A Long, Strange Trip

A panel discussion looks at how rock

In what seems like an entirely different life, a half-dozen of us headed north — in a wood-paneled, gas-guzzling station wagon — from western Pennsylvania to the seemingly deserted peak of Maine for a three-day music festival. A few years later, we headed south for a similar event. In between, we used all our vacation and stretched our already flexible schedules to follow music across our small corner of the earth. I have the faded ticket stubs and plastic bracelets and long-dead glow sticks to remind me of all the places I’ve been — all the fields and amphitheaters and small chic ballrooms. For me, it was just a part of being young.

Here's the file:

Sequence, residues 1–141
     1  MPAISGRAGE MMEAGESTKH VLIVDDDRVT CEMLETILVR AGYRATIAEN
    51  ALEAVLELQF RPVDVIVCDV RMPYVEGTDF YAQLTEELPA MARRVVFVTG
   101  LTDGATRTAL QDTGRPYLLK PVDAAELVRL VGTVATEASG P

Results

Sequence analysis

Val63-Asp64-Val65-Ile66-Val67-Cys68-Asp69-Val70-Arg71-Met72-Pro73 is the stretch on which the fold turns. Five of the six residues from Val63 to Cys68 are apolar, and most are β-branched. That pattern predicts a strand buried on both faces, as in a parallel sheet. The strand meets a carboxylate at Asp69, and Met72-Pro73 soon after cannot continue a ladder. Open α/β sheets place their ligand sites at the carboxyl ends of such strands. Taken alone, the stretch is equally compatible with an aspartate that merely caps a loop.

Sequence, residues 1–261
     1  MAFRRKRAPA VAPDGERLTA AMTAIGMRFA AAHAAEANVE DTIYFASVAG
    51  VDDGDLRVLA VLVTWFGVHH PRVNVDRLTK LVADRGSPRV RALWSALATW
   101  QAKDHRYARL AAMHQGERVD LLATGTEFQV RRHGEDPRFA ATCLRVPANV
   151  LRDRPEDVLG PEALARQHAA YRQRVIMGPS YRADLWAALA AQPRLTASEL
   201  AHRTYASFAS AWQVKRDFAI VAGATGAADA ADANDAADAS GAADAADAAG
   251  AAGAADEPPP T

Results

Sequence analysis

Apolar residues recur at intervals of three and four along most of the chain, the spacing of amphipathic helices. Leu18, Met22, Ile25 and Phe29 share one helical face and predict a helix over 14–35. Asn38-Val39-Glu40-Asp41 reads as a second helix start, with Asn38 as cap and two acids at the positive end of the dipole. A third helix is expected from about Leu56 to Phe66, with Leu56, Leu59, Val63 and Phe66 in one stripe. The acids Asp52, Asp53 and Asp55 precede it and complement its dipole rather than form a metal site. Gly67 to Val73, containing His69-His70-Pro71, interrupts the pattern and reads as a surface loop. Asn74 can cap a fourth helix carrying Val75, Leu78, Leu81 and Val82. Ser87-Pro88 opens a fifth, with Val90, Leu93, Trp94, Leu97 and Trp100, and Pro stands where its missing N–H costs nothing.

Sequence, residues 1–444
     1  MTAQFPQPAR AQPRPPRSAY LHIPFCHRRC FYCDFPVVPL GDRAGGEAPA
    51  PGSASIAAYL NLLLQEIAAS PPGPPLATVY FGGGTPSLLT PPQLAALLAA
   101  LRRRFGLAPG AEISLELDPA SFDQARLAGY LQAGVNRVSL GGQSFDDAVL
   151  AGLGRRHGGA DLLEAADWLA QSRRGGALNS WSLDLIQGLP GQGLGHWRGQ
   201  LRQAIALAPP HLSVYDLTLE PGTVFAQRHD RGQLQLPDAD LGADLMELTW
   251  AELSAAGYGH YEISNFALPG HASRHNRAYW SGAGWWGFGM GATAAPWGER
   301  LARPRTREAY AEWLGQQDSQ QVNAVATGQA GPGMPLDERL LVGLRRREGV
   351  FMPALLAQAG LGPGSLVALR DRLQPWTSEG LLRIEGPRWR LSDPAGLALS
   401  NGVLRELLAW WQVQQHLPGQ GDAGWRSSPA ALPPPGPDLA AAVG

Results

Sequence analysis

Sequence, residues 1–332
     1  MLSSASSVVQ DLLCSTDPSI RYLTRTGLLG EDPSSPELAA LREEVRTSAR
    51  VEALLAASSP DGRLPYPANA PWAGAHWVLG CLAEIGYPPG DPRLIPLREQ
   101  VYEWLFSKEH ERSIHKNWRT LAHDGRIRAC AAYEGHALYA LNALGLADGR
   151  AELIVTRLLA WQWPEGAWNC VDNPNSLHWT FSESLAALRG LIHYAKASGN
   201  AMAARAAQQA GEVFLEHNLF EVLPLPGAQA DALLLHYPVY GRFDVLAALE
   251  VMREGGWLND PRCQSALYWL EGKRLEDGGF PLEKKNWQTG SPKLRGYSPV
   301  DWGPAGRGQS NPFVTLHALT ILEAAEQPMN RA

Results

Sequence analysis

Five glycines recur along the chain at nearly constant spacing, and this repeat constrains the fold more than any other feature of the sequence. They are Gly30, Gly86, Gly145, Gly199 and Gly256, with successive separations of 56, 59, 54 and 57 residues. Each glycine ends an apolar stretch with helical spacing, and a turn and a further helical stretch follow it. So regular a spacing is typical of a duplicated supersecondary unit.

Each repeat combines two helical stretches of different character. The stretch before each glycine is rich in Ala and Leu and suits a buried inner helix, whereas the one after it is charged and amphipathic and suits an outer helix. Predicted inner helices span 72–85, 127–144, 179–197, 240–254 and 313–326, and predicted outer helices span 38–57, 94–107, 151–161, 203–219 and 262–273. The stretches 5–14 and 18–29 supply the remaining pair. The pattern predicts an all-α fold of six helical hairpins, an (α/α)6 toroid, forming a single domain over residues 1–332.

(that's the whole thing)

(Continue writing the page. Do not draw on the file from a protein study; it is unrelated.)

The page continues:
But where did these often hedonistic gatherings come from, and what should we expect from the future? Today starting at 1 p.m. at the Tivoli Student Cen-ter on the Auraria campus, a panel discussion and Q&A session titled “Evolution of the Rock Concert” takes a close look at the past, present and future of the touring industry and its impact on the staging of all mass gatherings, from rock concerts to major political events. “The panel covers a pretty good spectrum,” says BandGuru spokesman Mark Bliesener. “From Brian Nevin of Big Head Todd and the Monsters to the old-time promoter Barry Fey, Monolith Festival founder Matt Fecher, niche promoter Craig Ferguson from Telluride and Planet Bluegrass, all the way to Brent Fedrizzi from AEG Live. Whenever you get these guys together, there’s bound to be some unexpected and interesting things that come up.”

The event is free. For more information, call 303-477-6987.
Wed., Nov. 12, 1-2:30 p.m., 2008

 
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